For example, the Hardjo version of the disease affects only cattle, but it is fatal to humans, it is currently kept out of the food chain by the destruction of animals found to be carrying it. Without veterinary care and excellent husbandry standards this will not be the case..

Many things increase you chance of catching leptospirosis, anything putting you into contact with fresh water, or wild animals increases your risk.

How to Minimise your Risk

  • Stout walking boots, long trousers and long sleeves should be worn where there is a danger of scratch injuries.
  • Waterproof thick gloves should be worn when drawing water, be it from a well, stream or river
  • Eye and mouth protection, as well as long sleeves and waterproof gloves should be worn during ANY contact with wild animals, especially so when removing them from traps, skinning or butchering them
  • Thick plastic bags should be worn over foot ware when in areas contaminated by livestock waste
  • Areas where children play, and wild animals/rodents have access to, should be treated with chlorinated water prior to them playing there
  • Water destined for human consumption should be treated by boiling even if it has been filtered.
  • Domestic pets should not be allowed in food preparation areas
  • Food prep area should be wiped with a chlorinated cloth before use
  • Hands should be washed in chlorinated water before entering the home if you have handled animals
  • Get in the habit of not touching your eyes and mouth with you hands when out and about

The signs and symptoms of leptospirosis are varied and many. Most people, 60-65% will have a flu like illness for a week, this will be accompanied by severe headaches and possibly an occasional nosebleed. 25-30% will have a severe flu like illness accompanied by severe incapacitating headaches and nosebleeds. They may well show unexplained bruising. Some in this group will go on to develop kidney and liver function issues at a later date. 2-5% will die, having gone into kidney failure. For these people the headaches do not subside, they have frequent profuse nosebleeds and unexplained bruising on a large-scale. This is due to clotting mechanism malfunctions.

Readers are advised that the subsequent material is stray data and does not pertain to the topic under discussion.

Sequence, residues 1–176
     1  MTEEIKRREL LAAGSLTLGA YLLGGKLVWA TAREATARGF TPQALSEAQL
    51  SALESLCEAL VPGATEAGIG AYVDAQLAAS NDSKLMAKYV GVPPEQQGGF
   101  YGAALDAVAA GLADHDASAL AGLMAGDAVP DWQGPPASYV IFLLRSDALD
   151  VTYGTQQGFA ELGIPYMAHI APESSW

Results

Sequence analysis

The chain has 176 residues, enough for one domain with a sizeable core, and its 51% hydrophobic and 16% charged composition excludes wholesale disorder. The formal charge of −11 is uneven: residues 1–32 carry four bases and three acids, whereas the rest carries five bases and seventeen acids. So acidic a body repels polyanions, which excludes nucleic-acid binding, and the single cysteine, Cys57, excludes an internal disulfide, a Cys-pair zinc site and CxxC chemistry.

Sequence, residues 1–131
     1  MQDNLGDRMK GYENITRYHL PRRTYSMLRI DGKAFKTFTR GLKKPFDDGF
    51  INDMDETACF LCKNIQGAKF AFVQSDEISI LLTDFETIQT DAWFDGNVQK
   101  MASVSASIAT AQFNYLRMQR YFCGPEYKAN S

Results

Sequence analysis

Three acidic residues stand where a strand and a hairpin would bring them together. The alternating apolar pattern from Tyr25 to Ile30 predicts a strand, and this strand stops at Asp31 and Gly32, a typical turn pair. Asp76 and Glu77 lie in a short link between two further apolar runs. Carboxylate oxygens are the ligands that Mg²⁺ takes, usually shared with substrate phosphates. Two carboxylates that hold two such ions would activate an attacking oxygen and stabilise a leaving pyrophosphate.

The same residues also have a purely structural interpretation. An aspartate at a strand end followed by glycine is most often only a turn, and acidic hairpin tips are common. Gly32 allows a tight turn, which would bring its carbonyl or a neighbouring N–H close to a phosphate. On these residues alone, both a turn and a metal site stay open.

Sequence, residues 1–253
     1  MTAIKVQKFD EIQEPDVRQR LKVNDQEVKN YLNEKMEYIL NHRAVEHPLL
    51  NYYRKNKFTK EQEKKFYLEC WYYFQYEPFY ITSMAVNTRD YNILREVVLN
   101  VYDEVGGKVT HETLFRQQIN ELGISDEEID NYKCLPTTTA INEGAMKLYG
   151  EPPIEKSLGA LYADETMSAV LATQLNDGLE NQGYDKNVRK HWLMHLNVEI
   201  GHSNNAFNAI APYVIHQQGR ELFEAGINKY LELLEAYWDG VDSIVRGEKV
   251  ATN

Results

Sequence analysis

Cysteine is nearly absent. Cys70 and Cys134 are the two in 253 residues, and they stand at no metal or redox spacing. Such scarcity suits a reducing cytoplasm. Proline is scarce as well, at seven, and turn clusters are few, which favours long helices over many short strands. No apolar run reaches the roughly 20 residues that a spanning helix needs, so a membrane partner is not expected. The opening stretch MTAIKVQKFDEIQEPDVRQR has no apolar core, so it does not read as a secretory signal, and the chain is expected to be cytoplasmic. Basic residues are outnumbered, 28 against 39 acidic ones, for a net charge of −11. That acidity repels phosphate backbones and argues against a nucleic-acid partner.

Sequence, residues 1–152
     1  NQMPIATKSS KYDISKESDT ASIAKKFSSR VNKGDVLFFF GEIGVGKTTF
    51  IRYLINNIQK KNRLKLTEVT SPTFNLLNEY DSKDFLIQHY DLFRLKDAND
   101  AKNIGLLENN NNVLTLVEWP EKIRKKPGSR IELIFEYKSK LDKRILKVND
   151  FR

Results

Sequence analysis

If the estimates of undiagnosed cases are correct 200-500 people a year are dying of leptospirosis when a simple course of antibiotics could have saved them.

The cycline antibiotics are best, but these must not be stored as they become toxic after their expiration date. Penicillin was once the treatment of choice and works well. Chlorine also kills leptospirosis, as does boiling the water before ingestion.

Leptospirosis poses a very real risk and we all face it every time we come into contact with untreated fresh water.  Some other diseases caused by both viruses and bacteria, are killed by UV, some are not, some are killed by antibiotics (bacterial diseases only), some are not, most are killed by chlorination, some are not. ALL are killed by boiling.

Boiling Water Reduces Exposure To Harmful Micro-organisms

All fresh water should be boiled before drinking. It does not have to be boiled for an extended period, this wastes time, fuel, and water in the form of steam. Raising the water to a rolling boil for two minutes is enough to kill any viruses and bacteria present.

West Nile virus, Coxsackie virus, hepatitis A, hepatitis E, adenovirus,reovirus, Calicivirus, poliomyelitis, and leptospirosis all have a size of 0.09-0.1 microns, this is smaller that the 0.2 micron pore size in many of the filters available today but boiling will kill them all.

All of these viruses will proliferate if municipal water treatment is no longer available, if refuge collection breaks down and scavengers increase.

Leptospirosis kills hundreds of people in the United States each year yet very few death certificates list it as a cause of death and cases will rise if critters come into more frequent contact with humans.

Take Care